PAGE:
|RFC3556||PS||Session Description Protocol (SDP) Bandwidth Modifiers for RTP Control Protocol (RTCP) Bandwidth|
|RFC3557||PS||RTP Payload Format for European Telecommunications Standards Institute (ETSI) European Standard ES 201 108 Distributed Speech Recognition Encoding|
|RFC3558||PS||RTP Payload Format for Enhanced Variable Rate Codecs (EVRC) and Selectable Mode Vocoders SMV|
|RFC3545||PS||Enhanced Compressed RTP (CRTP) for links with High Delay,Packet Loss and Reordering|
|RFC3611||Standard||RTP Control Protocol Extended Reports (RTCP XR)|
|RFC3640||Standard||RTP Payload Format for Transport of MPEG-4 Elementary Streams|
|RFC3711||Standard||The Secure Real-time Transport Protocol|
Audio/Video Transport Working Group Minutes
60th IETF, San Diego
Reported by Magnus Westerlund and Colin Perkins
The AVT working group met twice during the 60th IETF in San Diego. The working group discussed RTP payload formats for several new codecs, a new RTP payload format for generic FEC, the RTCP XR MIB, how to frame RTP on connection oriented transport, RTCP Extensions for SSM, header compression requirements for MPLS, requirements for video codec control, the new RTP profile for congestion control with TFRC, the RTP profile for extended RTCP feedback, a multiplexing mechanism for RTP using the SSRC, a proposed multi-flow RTP-like protocol, and issues with the use of MIME types to identify RTP payload formats.
Introduction and Status Update
Since the last meeting the RTP specification and A/V profile (RFCs 3550 and 3551) have been advanced to full Internet standards (STD 64 and STD 65 - the RFC numbers are unchanged). The Secure RTP profile (RFC 3711) and the MIME type for 3GPP files (RFC 3839) have been published as RFCs. The iLBC codec and payload format (draft-ietf-avt-ilbc-codec-04.txt and draft-ietf-avt-rtp-ilbc-04.txt) are with the RFC Editor awaiting publication.
The following working group drafts are in area director review:
all for eventual publication as Proposed Standard RFCs.
The TCRTP specification (draft-ietf-avt-tcrtp-07.txt) is being updated to address IESG review comments, mostly due to obsolete references but also a few technical issues. The RTP payload format for T.38 was updated by the ITU-T after we had forwarded it's MIME type registration to the IESG for publication. The changes altered the MIME parameters, so draft-jones-avt-audio-t38-05.txt was returned to the working group for further review. The revised draft is in working group last call.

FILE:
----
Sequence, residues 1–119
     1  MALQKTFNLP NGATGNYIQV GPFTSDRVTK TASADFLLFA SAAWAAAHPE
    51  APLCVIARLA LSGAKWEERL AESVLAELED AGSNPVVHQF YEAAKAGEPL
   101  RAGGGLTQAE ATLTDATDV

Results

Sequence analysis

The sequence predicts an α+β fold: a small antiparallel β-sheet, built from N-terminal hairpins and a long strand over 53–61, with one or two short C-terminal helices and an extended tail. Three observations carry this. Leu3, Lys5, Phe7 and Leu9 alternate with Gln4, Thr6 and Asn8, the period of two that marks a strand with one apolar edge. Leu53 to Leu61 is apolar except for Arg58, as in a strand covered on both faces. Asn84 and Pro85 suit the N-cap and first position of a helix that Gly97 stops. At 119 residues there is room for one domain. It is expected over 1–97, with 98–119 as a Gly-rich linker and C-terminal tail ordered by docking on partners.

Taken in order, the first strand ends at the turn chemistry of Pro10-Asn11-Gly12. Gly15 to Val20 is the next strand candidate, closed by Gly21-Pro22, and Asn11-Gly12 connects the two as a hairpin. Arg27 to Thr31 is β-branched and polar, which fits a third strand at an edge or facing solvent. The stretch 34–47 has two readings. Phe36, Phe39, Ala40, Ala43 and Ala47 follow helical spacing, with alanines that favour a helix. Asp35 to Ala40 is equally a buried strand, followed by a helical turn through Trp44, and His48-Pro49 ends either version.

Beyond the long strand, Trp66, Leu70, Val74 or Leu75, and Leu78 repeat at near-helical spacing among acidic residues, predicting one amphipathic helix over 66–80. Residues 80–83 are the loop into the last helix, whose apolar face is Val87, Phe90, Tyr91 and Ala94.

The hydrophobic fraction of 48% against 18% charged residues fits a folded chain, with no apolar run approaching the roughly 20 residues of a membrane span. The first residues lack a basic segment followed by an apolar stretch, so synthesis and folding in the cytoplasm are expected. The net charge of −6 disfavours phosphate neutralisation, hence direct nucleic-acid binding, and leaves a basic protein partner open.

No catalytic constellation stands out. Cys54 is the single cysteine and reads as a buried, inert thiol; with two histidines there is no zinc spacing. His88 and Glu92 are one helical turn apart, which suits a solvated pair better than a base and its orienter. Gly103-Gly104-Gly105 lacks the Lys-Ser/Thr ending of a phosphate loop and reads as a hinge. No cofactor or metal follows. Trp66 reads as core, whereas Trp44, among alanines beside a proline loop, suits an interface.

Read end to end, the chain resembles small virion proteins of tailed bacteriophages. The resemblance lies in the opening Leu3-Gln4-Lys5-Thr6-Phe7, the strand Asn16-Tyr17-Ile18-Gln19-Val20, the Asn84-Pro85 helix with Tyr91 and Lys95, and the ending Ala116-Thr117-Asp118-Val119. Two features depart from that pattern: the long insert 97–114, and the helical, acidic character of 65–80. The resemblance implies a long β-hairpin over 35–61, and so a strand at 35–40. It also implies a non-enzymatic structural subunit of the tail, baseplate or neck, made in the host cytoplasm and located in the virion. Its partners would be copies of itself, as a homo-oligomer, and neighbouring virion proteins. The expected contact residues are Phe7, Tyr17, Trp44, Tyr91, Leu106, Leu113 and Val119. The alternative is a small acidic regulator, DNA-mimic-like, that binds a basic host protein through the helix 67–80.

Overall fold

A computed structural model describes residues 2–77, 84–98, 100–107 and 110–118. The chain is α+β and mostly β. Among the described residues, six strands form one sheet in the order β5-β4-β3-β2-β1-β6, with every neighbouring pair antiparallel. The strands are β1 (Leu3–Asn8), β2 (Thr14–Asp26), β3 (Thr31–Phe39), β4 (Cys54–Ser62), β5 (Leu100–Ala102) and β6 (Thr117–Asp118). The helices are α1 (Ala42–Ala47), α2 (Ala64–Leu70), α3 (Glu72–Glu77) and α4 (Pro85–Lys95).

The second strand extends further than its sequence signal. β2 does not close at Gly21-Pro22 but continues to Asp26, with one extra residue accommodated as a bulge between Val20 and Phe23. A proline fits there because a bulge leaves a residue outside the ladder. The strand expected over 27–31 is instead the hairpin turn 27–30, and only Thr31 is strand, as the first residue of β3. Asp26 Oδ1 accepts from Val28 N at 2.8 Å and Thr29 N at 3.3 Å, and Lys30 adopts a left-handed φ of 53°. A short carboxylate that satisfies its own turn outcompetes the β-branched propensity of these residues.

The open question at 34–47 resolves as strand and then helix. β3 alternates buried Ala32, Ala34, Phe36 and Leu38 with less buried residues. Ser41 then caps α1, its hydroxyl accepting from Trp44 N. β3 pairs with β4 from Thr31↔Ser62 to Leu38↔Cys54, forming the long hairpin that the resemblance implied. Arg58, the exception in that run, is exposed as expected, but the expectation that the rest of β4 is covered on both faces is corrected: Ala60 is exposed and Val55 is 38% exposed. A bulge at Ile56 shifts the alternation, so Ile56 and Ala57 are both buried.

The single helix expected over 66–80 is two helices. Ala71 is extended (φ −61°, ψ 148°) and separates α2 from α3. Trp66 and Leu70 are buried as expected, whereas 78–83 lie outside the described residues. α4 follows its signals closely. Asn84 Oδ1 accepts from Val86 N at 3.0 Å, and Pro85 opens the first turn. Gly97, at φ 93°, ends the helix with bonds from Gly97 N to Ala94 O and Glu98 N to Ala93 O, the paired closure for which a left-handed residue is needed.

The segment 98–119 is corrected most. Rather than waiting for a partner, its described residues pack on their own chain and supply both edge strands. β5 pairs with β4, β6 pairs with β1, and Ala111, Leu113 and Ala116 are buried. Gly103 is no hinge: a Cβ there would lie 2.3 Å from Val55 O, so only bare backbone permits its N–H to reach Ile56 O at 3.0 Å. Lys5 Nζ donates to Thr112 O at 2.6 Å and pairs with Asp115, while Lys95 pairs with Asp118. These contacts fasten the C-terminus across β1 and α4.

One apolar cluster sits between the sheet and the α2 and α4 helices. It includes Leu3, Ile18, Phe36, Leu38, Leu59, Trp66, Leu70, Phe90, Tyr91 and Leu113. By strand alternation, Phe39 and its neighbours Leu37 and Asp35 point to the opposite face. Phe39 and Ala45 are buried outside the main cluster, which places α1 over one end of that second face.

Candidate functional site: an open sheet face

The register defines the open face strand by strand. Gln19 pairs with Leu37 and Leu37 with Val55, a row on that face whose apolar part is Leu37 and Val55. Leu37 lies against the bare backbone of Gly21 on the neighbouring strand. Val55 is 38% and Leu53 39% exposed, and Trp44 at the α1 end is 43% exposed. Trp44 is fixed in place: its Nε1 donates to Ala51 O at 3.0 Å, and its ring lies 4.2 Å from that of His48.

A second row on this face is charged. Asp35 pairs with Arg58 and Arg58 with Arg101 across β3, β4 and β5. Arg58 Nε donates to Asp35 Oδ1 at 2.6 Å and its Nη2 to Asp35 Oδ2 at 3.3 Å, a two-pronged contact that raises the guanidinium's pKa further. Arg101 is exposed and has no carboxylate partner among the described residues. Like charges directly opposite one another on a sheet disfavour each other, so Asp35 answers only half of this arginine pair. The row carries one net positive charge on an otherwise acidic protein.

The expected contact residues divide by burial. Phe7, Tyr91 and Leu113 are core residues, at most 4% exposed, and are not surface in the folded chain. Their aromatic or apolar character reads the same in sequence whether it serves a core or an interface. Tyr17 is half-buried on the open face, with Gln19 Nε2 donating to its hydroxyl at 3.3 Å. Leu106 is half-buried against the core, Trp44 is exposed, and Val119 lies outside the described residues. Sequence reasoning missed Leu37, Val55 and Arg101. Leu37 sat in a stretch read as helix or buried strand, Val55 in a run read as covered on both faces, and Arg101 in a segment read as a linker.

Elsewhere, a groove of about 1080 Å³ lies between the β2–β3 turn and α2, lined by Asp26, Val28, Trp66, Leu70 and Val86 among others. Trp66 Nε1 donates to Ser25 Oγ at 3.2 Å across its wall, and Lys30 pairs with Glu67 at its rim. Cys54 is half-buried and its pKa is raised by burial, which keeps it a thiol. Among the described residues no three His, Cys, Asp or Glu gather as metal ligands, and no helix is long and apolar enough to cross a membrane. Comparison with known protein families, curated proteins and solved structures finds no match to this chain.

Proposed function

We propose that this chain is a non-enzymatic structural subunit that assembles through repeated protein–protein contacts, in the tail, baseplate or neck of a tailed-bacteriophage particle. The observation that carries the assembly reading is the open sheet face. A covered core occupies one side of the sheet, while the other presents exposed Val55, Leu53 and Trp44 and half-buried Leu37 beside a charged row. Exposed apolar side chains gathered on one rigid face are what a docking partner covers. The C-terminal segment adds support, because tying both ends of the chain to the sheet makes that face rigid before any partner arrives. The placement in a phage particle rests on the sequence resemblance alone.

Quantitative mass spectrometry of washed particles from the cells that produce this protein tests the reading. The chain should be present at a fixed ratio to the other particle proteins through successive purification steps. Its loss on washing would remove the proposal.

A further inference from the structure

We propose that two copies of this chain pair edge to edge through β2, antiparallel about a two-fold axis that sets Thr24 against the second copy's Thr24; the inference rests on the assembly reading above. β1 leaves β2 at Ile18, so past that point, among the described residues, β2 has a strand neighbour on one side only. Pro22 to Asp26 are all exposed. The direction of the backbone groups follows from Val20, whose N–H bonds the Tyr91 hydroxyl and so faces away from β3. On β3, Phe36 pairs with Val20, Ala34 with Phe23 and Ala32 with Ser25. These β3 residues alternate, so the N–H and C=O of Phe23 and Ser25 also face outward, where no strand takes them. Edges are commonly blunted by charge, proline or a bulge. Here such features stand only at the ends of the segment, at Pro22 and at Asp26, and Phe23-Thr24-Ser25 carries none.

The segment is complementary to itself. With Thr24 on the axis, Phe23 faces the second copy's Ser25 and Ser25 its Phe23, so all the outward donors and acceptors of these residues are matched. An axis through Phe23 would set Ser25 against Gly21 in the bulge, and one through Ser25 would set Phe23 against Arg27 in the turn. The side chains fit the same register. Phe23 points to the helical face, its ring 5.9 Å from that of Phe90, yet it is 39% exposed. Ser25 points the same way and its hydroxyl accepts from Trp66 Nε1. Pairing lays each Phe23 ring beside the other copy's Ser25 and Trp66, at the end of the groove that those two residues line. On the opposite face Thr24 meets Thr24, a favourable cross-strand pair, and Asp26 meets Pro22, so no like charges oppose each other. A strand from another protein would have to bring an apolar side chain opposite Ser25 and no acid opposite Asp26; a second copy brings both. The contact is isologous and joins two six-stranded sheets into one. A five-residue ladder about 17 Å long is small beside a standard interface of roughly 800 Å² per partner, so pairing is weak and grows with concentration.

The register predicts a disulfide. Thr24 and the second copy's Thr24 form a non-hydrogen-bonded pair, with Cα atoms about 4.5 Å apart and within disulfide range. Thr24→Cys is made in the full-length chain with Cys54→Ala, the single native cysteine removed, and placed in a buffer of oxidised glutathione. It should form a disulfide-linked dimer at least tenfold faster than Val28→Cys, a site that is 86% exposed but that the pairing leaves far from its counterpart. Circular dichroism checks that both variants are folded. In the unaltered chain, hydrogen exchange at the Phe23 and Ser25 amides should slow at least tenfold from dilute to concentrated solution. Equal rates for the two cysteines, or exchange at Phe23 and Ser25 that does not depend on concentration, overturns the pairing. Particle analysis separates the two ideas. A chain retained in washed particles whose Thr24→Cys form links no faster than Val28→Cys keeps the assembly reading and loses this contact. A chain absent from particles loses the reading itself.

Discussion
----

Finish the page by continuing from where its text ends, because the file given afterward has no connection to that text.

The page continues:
The RTP payload format for H.264 video (draft-ietf-avt-rtp-h264-10.txt) is completing working group last call.
The RTP payload format for MIDI (draft-ietf-avt-rtp-midi-format-05.txt) and associated guidelines (draft-ietf-avt-rtp-midi-guidelines-05.txt) have received external review comments from MIDI expert Dominique Fober. An update to the draft is in preparation taking into account this review, and is expected to be in good shape for working group last call.
The update to the RTP payload formats for MPEG 1 and MPEG 2 video (draft-ietf-avt-mpeg1and2-mod-00.txt) has expired: if you have interest in pursuing this work please contact the chairs, otherwise the work will be dropped.
The RTP payload format for Speex (draft-herlein-avt-rtp-speex-00.txt) has expired. It appears that there is no longer interest in pursuing this work within the group.
The working group is shepherding MIME types registrations for the 3GPP2 file format (draft-garudadri-avt-3gpp2-mime-00.txt), and the MPEG4 file format (draft-lim-mpeg4-mime-02.txt) to ensure the drafts are well formed, before passing them on for MIME review.
The payload format for ATRAC (draft-hatanaka-avt-rtp-atrac-family-02.txt) was accepted as a working group item, by the meeting.
In addition, the following five working group drafts exist but were not discussed at the meeting:
There are several milestones on the AVT charter that are late. A charter and milestone update is needed, and can be expected in few weeks.
The first late milestone is requirements for MPLS header compression: it was proposed that the draft be held in the working group while the protocol was defined to allow requirements to evolve, however after discussion with our area director it was decided to send the draft on for publication to enable more widespread review of the requirements.
The update of AVPF to draft standard will be rescheduled into the future, as the proposed standard is not yet published. The update of SRTP can soon be started, but will rescheduled with a more reasonable time frame. The work on SAVPF will hopefully complete soon.
The working group has a milestone to update the RTP MIB due shortly. Alan Clark volunteered to start the work by doing some requirements capture, and Dan Romascanu volunteered as a MIB expert to work on this. We need to investigate if the RTP MIB has to be updated before the RTCP XR MIB can be progressed. New milestones are needed for both tasks.
In addition, milestones for the RTP profile for TFRC congestion control (previously accepted as a work item) need to be added to the charter.
RTCP XR MIB
Alan Clark presented the updates and status of the RTCP XR MIB. The draft has been split from the combined RTP and RTCP XR MIB that was presented at the 58th IETF, but the draft has not yet been renamed to match the content.